A method for assessing metal vapor arcing risk for a component is provided. The method comprises acquiring a current variable value associated with an operation of the component; comparing the current variable value with a threshold value for the variable; evaluating compared variable data to determine the metal vapor arcing risk in the component; and generating a risk assessment status for the component.

  7. Boron carbide whiskers produced by vapor deposition

    Science.gov (United States)

    1965-01-01

    Boron carbide whiskers have an excellent combination of properties for use as a reinforcement material. They are produced by vaporizing boron carbide powder and condensing the vapors on a substrate. Certain catalysts promote the growth rate and size of the whiskers.

  8. Vapor Pressures of Several Commercially Used Alkanolamines

    NARCIS (Netherlands)

    Klepacova, Katarina; Huttenhuis, Patrick J. G.; Derks, Peter W. J.; Versteeg, Geert F.; Klepáčová, Katarína

    2011-01-01

    For the design of acid gas treating processes, vapor-liquid equilibrium (VLE) data must be available of the solvents to be applied. In this study the vapor pressures of seven frequently industrially used alkanolamines (diethanolamine, N-methylethanolamine, N,N-dimethylethanolamine, N,N-diethylethano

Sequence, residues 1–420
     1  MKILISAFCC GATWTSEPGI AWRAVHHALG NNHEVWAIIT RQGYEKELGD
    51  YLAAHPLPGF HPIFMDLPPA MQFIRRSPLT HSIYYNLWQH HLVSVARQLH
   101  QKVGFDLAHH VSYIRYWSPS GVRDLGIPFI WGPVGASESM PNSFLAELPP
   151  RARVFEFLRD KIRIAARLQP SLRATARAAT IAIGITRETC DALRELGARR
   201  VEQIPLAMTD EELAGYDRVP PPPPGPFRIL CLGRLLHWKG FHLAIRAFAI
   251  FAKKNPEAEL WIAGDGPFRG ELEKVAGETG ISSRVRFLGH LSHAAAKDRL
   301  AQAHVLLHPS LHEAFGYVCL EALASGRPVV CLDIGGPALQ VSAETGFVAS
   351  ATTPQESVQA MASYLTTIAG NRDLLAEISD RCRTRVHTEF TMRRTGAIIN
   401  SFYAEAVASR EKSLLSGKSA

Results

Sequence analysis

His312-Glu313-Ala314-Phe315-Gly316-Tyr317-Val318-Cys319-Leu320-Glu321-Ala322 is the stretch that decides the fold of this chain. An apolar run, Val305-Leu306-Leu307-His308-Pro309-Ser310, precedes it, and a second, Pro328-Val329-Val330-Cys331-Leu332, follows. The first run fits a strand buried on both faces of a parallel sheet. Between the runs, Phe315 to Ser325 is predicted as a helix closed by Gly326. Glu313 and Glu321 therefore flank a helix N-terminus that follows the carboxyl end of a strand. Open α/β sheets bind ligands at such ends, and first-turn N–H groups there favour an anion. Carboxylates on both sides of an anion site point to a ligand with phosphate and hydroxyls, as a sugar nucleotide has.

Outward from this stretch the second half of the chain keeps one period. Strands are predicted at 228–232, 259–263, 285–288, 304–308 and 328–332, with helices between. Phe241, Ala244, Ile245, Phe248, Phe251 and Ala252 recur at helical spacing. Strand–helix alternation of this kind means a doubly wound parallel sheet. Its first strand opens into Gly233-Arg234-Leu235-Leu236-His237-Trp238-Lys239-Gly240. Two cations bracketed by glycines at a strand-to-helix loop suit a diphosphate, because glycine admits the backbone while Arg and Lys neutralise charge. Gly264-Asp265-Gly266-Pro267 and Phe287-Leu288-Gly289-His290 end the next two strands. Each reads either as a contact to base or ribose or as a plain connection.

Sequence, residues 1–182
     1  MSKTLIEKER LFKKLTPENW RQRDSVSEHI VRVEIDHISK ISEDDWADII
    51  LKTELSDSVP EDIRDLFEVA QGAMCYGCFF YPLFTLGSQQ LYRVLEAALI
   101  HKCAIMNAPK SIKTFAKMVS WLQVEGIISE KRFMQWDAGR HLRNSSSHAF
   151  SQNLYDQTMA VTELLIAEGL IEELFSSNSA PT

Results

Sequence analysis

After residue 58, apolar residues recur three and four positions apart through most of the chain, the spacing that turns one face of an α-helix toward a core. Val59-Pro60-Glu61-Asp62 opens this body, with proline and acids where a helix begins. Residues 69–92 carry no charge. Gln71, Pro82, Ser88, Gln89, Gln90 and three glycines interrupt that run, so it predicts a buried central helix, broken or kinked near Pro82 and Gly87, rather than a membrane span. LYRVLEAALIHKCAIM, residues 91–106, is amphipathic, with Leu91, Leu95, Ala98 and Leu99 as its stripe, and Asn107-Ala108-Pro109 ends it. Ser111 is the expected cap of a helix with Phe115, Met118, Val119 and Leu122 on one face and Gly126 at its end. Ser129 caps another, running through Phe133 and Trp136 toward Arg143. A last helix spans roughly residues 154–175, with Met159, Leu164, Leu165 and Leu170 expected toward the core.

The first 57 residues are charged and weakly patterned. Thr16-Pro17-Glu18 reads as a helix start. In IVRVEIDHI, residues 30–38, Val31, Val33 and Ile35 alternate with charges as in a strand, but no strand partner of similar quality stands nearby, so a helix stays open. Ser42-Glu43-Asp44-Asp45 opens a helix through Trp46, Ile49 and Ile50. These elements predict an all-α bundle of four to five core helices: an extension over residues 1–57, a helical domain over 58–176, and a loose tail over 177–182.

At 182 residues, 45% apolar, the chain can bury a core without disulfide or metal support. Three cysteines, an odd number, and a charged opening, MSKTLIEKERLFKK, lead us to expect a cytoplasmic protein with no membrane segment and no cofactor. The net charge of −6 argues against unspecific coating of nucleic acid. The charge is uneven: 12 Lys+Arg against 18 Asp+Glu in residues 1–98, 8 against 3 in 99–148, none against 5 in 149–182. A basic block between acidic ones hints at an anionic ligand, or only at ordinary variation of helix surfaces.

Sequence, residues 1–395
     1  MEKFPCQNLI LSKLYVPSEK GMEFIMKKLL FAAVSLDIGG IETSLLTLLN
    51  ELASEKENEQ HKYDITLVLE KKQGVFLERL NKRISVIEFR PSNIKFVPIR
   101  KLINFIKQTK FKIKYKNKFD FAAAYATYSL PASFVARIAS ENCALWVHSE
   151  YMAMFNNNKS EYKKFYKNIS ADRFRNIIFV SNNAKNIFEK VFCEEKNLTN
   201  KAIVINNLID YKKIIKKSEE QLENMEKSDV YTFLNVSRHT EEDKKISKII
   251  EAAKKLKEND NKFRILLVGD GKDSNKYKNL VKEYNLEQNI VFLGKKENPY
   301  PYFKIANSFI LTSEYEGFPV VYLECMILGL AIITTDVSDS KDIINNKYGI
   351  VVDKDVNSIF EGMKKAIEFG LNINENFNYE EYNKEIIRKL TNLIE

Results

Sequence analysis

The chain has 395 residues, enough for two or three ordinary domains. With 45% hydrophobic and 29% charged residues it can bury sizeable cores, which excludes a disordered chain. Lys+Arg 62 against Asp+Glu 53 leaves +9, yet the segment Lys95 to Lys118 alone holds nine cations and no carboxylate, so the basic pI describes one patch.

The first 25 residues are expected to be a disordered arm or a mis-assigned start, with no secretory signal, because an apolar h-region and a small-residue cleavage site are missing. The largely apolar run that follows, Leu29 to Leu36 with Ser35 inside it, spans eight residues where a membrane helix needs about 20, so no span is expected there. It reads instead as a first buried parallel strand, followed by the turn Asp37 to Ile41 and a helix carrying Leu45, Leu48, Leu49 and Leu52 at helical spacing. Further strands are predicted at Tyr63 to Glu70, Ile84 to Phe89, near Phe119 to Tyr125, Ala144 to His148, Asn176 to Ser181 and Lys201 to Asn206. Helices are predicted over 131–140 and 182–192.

9. Cirrus cloud detection from airborne imaging spectrometer data using the 1.38 micron water vapor band

    Science.gov (United States)

    Gao, Bo-Cai; Goetz, Alexander F. H.; Wiscombe, Warren J.

    1993-01-01

    Using special images acquired by the Airborne Visible/Infrared Imaging Spectrometer (AVIRIS) at 20 km altitude, we show that wavelengths close to the center of the strong 1.38 micron water vapor band are useful for detecting thin cirrus clouds. The detection makes use of the fact that cirrus clouds are located above almost all the atmospheric water vapor. Because of the strong water vapor absorption in the lower atmosphere, AVIRIS channels near 1.38 micron receive little scattered solar radiance from the surface of low level clouds. When cirrus clouds are present, however, these channels receive large amounts of scattered solar radiance from the cirrus clouds. Our ability to determine cirrus cloud cover using space-based remote sensing will be improved if channels near the center of the 1.38 micron water vapor band are added to future satellites.